Sallie Mae and Education Finance and Education Business and Education & Workforce Development and Student loans

Sallie Mae restructuring affects Indiana jobs

December 8, 2010

Although Indiana was spared the closure of entire Sallie Mae service centers, the state didn't escape the student-loan giant's restructuring.

Sallie Mae laid off roughly 70 people, who mainly worked in IT, at its Fishers facility on Dec. 3. That move was part of 100 layoffs nationwide, said Conwey Casillas, vice president of public relations. At least one other affected location was near Scranton, Penn., according to published reports.

"Every employee impacted will receive a generous severance package and comprehensive job-placement services," Casillas said.

Sallie Mae, a nickname for the publicly traded SLM Corp., is restructuring because of a new law that cuts banks out of the federal student-loan business. The company is in the process of cutting about a third of its nationwide work force of roughly 8,000 people.  That included closing service centers near Killeen, Texas, in November and in Panama City, Fla., by the end of the year.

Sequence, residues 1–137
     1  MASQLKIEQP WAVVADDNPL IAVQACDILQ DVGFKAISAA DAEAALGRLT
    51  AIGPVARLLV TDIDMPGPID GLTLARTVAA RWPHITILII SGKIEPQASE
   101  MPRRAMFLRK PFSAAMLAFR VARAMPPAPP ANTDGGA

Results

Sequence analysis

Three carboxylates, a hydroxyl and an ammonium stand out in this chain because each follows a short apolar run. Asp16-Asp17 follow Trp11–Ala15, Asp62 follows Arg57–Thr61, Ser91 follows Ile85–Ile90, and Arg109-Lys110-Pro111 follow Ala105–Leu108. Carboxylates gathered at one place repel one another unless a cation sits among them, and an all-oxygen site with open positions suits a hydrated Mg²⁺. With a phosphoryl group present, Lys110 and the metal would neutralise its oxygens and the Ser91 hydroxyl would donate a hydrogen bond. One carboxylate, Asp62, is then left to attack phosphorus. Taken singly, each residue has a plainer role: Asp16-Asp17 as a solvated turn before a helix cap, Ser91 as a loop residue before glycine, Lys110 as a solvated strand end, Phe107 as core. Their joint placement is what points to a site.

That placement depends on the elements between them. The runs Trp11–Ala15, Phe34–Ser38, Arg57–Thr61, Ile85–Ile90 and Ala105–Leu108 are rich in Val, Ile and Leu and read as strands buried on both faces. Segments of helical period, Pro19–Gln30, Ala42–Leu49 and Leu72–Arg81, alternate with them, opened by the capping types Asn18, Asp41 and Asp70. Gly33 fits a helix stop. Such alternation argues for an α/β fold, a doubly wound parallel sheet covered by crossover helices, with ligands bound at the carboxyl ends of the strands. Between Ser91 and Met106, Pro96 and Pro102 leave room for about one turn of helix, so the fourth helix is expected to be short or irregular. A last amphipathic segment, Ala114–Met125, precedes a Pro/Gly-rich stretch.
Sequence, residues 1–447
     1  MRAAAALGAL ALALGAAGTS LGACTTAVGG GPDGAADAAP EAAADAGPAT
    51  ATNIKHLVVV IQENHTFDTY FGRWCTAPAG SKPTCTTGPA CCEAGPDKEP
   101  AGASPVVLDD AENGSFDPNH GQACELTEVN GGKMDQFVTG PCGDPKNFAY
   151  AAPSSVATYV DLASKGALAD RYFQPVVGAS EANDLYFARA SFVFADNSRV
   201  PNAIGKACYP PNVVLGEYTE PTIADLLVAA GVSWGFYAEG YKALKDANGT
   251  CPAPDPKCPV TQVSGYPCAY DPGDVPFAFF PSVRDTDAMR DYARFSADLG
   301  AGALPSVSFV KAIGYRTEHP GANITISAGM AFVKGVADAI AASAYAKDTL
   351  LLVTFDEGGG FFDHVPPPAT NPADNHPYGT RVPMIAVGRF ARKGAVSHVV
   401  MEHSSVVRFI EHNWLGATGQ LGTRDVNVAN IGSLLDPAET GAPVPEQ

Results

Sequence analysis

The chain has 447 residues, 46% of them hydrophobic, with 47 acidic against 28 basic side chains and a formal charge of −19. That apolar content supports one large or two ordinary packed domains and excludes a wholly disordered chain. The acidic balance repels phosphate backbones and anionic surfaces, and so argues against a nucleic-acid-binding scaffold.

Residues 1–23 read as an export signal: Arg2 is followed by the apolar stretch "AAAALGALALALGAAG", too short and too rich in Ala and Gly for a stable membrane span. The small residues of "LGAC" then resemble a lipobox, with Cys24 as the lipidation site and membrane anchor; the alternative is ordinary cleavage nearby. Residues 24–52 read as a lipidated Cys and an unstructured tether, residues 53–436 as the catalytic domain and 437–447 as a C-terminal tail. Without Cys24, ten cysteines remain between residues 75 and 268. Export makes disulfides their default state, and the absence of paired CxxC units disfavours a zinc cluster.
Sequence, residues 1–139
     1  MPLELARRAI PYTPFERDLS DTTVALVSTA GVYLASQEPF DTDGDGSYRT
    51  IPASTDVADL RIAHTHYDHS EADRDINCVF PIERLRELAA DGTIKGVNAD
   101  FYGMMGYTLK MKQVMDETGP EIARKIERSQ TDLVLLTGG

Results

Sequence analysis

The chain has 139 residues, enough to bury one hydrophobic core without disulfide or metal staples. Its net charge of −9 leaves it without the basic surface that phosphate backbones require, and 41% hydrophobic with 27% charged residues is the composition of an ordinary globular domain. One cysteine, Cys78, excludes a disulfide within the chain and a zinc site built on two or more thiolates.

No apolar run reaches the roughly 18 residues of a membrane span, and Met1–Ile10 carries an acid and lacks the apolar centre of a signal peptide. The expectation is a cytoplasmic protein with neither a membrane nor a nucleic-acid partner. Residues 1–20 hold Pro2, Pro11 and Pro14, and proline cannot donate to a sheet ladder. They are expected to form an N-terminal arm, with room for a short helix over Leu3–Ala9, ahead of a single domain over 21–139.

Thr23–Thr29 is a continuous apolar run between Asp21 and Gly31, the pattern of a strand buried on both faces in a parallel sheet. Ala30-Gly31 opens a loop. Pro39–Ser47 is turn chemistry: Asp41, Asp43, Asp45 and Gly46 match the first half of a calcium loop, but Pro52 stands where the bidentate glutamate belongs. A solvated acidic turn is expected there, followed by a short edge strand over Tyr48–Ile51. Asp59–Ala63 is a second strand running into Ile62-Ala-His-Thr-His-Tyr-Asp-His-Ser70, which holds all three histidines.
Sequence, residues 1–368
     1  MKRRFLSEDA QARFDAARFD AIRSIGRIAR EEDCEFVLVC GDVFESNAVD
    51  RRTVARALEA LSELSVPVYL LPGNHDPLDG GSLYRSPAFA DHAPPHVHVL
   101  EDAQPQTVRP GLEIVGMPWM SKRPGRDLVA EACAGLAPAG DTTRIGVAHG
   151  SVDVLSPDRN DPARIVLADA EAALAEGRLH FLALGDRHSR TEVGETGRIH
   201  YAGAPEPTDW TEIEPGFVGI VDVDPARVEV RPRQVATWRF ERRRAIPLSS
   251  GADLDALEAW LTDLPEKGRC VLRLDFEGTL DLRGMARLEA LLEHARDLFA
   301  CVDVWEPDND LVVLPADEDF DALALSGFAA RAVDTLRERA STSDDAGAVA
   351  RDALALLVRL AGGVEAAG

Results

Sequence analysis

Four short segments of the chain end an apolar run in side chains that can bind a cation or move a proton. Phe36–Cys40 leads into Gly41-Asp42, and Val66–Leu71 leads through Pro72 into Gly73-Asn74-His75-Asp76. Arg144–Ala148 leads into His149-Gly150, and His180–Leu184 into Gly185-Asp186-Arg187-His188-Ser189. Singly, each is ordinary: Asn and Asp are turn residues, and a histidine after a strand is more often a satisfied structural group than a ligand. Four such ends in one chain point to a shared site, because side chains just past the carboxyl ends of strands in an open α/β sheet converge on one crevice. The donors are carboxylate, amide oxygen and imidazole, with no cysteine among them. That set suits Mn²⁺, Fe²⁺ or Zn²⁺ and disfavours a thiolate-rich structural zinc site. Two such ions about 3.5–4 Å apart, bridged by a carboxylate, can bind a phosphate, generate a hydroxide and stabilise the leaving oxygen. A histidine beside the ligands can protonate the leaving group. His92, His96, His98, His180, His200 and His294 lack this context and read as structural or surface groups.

Casillas said he didn't know whether future job cuts would affect Indiana locations. Overall, Indiana is supposed to benefit from the consolidation. In October, the company said it will move about 350 jobs to facilities in Fishers and Muncie. Casillas said that process is underway.

But the consolidation doesn't appear to have boosted Sallie Mae's local employment in a significant way. Casillas said the current headcount in Indiana is about 2,550, with 1,850 in Fishers and 700 in Muncie.

The company is consolidating its management as well and next year will move its headquarters from Reston, Va., to Delaware.

Sallie Mae still services some $150 billion in student loans from the former federal program, and it will continue to employ people to work with those loans. But as CEO Alfred Lord pointed out at a Nov. 30 investor conference, "It is a wind-down business."

Sallie Mae also makes private loans and is trying to build that business.  "It's been a bit of a balancing act between contraction and expansion," Lord told analysts. "That's an interesting high-wire act, because it's a very difficult thing to accomplish culturally, but we're accomplishing it."

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